Detroit, Texas is located just inside the western edge of Red River County on U. S. Highway 82 at the intersection of FM 410 which runs north and south through town. In 1873 the Texas and Pacific Railroad was plotted through the area. At that time there was no Detroit, the nearest settlement known as Bennet was located about two miles Southwest. The railroad plotted a town site next to the tracks. On May 23, 1887, the name of the town was changed to Detroit by the local railroad agent who renamed it after his hometown in Michigan. By 1897, Detroit was the rail head for a vast area stretching from Southeastern Oklahoma on the North to Sulphur River on the South. In 1897, there were three medical doctors, and one dentist. The Detroit Herald was published by John Custer. The railroad brought about 40 years of steady growth and by 1910 its population had reached 1,200, according to Texas Historical Society records. The era of the rail traffic has since gone by the way, the rails and tracks were removed in 1996. The 2000 census showed Detroit with a population of 776.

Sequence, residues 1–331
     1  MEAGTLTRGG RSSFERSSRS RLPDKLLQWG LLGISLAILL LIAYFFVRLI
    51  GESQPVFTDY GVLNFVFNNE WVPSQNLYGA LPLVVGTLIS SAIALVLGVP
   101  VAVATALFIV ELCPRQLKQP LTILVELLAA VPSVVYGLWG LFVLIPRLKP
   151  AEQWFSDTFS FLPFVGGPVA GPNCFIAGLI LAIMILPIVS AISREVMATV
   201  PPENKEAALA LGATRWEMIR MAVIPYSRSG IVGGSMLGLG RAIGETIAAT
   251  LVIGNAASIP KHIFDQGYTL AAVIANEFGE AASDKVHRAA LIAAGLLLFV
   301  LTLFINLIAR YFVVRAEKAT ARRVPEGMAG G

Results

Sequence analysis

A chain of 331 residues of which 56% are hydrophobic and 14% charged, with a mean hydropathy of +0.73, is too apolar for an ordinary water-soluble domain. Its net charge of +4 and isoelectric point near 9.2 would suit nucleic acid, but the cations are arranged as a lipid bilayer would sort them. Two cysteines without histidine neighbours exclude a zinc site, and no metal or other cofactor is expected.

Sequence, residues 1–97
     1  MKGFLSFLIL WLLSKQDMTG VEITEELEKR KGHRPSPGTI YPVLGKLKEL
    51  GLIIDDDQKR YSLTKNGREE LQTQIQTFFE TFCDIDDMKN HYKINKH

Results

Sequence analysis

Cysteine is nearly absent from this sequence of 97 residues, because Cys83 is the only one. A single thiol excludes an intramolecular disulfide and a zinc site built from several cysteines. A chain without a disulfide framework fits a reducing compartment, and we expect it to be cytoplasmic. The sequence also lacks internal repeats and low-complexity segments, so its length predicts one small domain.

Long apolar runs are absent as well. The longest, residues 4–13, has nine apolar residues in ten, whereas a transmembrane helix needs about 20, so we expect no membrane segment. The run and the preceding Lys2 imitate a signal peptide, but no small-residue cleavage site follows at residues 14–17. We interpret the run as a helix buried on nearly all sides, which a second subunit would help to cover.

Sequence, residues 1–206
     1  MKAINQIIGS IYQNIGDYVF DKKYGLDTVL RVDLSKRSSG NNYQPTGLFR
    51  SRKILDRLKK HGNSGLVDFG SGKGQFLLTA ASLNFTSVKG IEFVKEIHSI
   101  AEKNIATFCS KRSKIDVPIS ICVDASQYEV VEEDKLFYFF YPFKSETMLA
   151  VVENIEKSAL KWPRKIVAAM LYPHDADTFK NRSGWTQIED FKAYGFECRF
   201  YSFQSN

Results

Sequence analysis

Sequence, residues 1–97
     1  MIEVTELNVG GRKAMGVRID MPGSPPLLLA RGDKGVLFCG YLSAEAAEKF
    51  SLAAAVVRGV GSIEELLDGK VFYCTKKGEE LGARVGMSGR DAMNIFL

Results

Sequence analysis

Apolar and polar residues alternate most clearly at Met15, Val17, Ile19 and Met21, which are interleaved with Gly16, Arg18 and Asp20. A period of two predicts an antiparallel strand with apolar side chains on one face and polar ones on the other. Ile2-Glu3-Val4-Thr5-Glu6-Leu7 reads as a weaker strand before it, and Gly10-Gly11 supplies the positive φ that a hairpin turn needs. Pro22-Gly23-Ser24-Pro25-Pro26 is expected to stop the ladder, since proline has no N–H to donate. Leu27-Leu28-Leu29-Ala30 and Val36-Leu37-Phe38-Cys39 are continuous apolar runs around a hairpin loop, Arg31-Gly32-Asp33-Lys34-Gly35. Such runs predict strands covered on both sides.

Detroit is proud of its independent school district. Its elementary campus on the south side of town consists of grades Kindergarten through grade five as well as classes for Head-Start for children age three and four. The High School and Junior High campus is located on the north side of town on FM 410. Construction is to begin soon on a new addition of a Fine Arts/Gymnasium Building.
Detroit is home to a Masonic Lodge, as well as a very active Lion’s Club which was responsible for the renovation of the 100 year old tabernacle which is located on East Garner Street next door to the City Hall. In earlier days the tabernacle was the meeting place for revival meetings in the summer and is presently used for that as well as other community activities.
Being located approximately half way between Clarksville and Paris, Detroit is a convenient location for a family in which one parent works in Paris and the other one works in Clarksville.
Information provided by Betty Wright
August 17, 2009